I'm sorry, but I have to disagree with this.
A bad owner leaves the service personnel with the cost-free and non-life-threatening options of leaving the job or boat, whereas a poor service provider can cause serious or life-threatening problems for an owner, or the cost of having the poor job done properly.
After several years of using local refer & A/C techs in the VI and having disastrous consequences for my chartering, I ended up flying a tech in from Fla whenever I needed one. Cheaper and better in the long run, especially when the guests are paying upwards of 18 grand a week for an air-conditioned boat!
These days we do all our A/C & refer work ourselves as we just cannot find any competent service providers in that field anywhere in the Caribbean, nor can I afford to fly one down from the states, even if I could find a competent one there, which I doubt.
It's a real PITA, as we must have the gauges, gas and specialized tools aboard for this job. It would be cheaper to pay someone competent rather than purchase and store those things, considering how rarely one needs these units repaired.
We boat owners are at the mercy of the service techs for those jobs we cannot do ourselves, and unfortunately, the internet has not been a great deal of help in weeding out the bad ones. Perhaps this is because so many owners are just clueless these days because they have never had competent techs or yard personnel?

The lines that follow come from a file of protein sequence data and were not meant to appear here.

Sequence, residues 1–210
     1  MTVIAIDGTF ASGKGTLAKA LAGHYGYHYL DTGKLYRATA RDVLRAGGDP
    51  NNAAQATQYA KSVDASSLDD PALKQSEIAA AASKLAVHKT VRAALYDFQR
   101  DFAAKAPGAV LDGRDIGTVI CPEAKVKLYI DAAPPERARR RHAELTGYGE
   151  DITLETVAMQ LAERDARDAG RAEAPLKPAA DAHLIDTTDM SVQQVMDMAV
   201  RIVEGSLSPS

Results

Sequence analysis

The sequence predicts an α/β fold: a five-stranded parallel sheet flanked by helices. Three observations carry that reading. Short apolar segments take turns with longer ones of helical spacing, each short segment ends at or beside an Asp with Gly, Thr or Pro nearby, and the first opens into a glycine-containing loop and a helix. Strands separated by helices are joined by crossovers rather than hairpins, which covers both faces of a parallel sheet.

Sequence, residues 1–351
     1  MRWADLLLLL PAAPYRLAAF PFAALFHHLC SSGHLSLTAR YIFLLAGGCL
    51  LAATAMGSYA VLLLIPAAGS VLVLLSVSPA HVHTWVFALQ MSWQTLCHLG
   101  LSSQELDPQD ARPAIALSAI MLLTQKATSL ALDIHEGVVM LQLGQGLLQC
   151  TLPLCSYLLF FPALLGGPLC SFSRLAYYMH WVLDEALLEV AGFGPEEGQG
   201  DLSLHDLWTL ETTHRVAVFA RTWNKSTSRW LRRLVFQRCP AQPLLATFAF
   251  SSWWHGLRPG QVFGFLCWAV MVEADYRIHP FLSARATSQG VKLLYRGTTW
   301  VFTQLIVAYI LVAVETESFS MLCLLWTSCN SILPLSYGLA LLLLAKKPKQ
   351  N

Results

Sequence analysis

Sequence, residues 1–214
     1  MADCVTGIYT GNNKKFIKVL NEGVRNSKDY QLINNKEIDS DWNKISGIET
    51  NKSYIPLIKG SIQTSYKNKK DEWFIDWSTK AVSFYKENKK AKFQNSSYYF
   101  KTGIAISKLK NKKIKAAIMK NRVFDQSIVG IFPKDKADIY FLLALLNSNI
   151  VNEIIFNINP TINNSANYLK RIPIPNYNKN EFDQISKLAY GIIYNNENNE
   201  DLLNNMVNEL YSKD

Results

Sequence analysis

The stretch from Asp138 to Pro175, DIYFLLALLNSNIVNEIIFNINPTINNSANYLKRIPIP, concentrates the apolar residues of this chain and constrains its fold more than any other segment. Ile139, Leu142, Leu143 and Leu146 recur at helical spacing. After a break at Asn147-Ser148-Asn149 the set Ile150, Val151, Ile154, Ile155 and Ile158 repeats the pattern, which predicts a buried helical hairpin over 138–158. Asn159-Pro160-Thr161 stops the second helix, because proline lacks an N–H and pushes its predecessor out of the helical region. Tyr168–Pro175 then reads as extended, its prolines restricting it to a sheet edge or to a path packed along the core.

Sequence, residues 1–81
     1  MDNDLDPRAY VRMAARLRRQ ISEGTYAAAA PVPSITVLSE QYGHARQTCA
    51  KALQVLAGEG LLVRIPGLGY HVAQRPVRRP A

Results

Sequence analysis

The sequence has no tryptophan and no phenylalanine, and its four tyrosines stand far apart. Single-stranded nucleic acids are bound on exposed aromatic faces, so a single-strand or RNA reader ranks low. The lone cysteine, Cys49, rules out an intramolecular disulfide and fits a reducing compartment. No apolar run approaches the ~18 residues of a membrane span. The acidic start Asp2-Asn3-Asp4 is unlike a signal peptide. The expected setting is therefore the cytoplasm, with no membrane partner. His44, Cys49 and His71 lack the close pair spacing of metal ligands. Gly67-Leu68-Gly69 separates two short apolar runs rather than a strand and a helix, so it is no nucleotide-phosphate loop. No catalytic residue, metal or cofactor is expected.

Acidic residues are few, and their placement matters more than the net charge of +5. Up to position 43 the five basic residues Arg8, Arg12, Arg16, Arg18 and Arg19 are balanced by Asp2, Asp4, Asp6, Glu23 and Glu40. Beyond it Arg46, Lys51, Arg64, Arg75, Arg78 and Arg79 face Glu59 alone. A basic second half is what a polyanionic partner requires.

Well, you are certainly entitled to your opinion.
It is not the internet's responsibility to weed out bad service providers any more that it is to weed out bad customers.
On the one hand, I hear some claim "It ain't brain surgery", or "rocket science"; yeah I like that one (even though the work is a craft in a science that is identical to that used on rockets).
And then a few that claim "everything is a matter of life or death". Or that a marine service tech should be as intimately familiar with every aspect of a specific vessel within 15 minutes, as the boater is after 30 years of ownership. But then if the owner doesn't know something they most definitely should, well, they're not the pro.
Seems to flip flop whenever it suits a particular argument.
I agree that an error by a marine electrical tech, an FRP tech, or a diesel tech, could end up being just as fatal as a slip of the knife by a surgeon.
As far as the claim of "no risk to the service provider" well, in my opinion that is just wrong.
Any error a service provider makes runs the risk of damaging their reputation and livelihood.
Not getting paid because an owner is a dead beat.
Invalid warranty claims.
An owner badmouthing a service provider due to the owners own fault.
These are all risks on the part of the service provider. There are many more.
I have to protect myself and my family from a rare bad customer I may accidentally accept.
A good service provider can avoid most of these by screening their prospective clients well, but unfortunately, no matter how careful, every now and again, a bad one will get through. (We have ways of dealing with this, swiftly, professionally, and courteously, like everything else we do.)